22 September 2015

Remember Last Night, When I Used the Phrase, "Bush Crime Family?"

Well today, we learn of the orgy of political payback and cronyism in the next generation of the Bush family, we have George P. Bush turning the office of Texas Land Commissioner into an opportunity for his buddies to profit while ignoring state law that requires public notice of open positions:
Less than a year after being elected to lead the oldest state agency in Texas, Land Commissioner George P. Bush has dramatically remade the General Land Office by ousting most of its longtime leaders and replacing many with people with ties to his campaign and family.

Eleven of the top 18 officials on the agency’s organizational chart a year ago have been fired or forced out or have quit, and more could leave soon in an overhaul that Bush has described as a “reboot.”

In their place, Bush, a former Fort Worth resident, has given top jobs to two of his law school classmates, two relatives of members of two Bush presidential administrations and at least three others with ties to the family or other political leaders.

In all, Bush has hired at least 29 people who worked on his campaign or have political connections, according to a review of thousands of pages of personnel records. The agency did not advertise any of the openings publicly.


State law requires all agencies considering external candidates for a job to post the opening with the Texas Workforce Commission. Newly elected statewide officials often ignore the requirement for some core positions. Attorney General Ken Paxton and Agriculture Commissioner Sid Miller have been publicly criticized for doing it a few times this year.

But Bush’s hiring differs because it is so far-reaching, with hires ranging from a temporary transition director to five campaign veterans hired permanently for the new position of “regional outreach coordinator.”

Bush made many so-called appointment hires before even taking office but has continued them well into this year.

The General Land Office, established in 1837, oversees all state public lands and also leases mineral rights to oil and gas companies, generating billions of dollars for schools. Bush, the grandson and nephew of presidents and the son of current presidential candidate Jeb Bush, was elected in November.


“Any agency, board, bureau, commission, committee, council, court, department, institution, or office in the executive or judicial branch of state government that has an employment opening for which persons from outside the agency will be considered shall list the opening with the Texas Workforce Commission,” the law says.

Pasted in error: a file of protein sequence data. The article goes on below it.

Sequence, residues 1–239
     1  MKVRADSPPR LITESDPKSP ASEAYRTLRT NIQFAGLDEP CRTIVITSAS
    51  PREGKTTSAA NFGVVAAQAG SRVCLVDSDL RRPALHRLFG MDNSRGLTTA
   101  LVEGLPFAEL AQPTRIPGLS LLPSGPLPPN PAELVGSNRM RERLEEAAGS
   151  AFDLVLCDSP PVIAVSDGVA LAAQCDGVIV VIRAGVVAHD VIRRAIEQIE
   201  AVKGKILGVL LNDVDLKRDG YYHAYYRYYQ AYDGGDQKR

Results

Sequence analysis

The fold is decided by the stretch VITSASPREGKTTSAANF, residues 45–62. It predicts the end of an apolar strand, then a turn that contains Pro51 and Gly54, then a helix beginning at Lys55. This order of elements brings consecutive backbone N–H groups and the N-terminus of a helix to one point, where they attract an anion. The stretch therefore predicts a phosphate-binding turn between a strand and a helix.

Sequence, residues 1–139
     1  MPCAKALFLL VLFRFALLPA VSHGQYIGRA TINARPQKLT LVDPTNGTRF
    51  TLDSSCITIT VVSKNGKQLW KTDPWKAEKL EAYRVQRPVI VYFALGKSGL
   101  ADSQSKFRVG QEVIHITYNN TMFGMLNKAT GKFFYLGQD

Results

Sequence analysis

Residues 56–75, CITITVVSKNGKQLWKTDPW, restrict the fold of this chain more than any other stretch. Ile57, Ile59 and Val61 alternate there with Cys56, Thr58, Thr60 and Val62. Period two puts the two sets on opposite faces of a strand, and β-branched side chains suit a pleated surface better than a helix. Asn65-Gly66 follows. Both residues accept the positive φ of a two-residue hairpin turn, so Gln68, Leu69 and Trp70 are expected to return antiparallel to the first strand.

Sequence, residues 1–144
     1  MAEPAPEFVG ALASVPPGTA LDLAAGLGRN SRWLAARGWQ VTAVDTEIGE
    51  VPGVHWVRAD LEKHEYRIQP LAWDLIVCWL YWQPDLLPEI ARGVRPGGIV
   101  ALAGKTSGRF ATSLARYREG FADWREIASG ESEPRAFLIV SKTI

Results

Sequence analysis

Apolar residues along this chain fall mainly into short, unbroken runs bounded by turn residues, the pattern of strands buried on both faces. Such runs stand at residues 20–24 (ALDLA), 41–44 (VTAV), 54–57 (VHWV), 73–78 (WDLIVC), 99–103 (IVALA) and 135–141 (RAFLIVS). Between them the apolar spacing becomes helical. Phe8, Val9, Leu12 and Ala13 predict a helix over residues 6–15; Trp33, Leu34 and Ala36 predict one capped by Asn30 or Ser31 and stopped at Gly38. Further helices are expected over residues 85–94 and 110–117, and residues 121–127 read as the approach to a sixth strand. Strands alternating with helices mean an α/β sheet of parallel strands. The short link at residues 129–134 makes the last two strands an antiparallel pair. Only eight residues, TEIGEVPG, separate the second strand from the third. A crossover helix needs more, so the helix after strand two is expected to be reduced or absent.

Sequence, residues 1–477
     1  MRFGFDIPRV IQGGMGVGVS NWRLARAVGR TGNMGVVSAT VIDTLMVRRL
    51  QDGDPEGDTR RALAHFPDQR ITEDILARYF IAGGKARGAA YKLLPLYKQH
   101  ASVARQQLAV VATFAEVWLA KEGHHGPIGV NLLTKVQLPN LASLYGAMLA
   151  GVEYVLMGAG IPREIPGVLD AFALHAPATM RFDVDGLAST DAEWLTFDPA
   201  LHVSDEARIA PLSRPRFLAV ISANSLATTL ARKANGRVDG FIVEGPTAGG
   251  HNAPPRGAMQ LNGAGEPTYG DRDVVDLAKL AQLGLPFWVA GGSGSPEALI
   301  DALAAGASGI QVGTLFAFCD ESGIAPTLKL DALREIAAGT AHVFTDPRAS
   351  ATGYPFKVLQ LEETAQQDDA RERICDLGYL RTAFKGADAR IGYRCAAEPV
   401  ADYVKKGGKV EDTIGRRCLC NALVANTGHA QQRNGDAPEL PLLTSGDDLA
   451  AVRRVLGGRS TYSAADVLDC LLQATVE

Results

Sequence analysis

Commission spokeswoman Lisa Givens said she did not know who was responsible for enforcing that law. The commission does not check to ensure that jobs are posted, she said.

The attorney general’s office referred questions about the law to the workforce agency.

Personnel records show that Bush directed at least 40 external hires from November to July but listed only four of those with the Workforce Commission.

The average salary for those four was about $65,000. The average salary for the 36 unposted jobs was $90,000.

Ten jobs went to campaign aides, including temporary transition director Trey Newton, who made $17,500 per month, and the five regional outreach coordinators, who are making $55,000 a year. Newton, the campaign engineer Bush once called “our Karl Rove,” left in January. He did not return a call seeking comment.

Another campaign strategist, Ash Wright, and his wife, Patty Wright, both got unposted jobs in December with annual salaries of $120,000 and $48,000, respectively. Both have left, with Ash Wright returning to Bush’s campaign.

The campaign’s spokesman, J.R. Hernandez, got a more permanent job as Bush’s chief of staff, with an annual salary of $110,000. Hernandez, the son of George W. Bush adviser Juan Hernandez and a 2008 college graduate, started the job exactly a week after the election. The application in his personnel file is not signed or dated, and there is no offer letter, making it hard to determine a timeline of employment.
The Bush family has been engaging in this sort of entitled privilege since my dad was in elementary school.

H/t Atrios.


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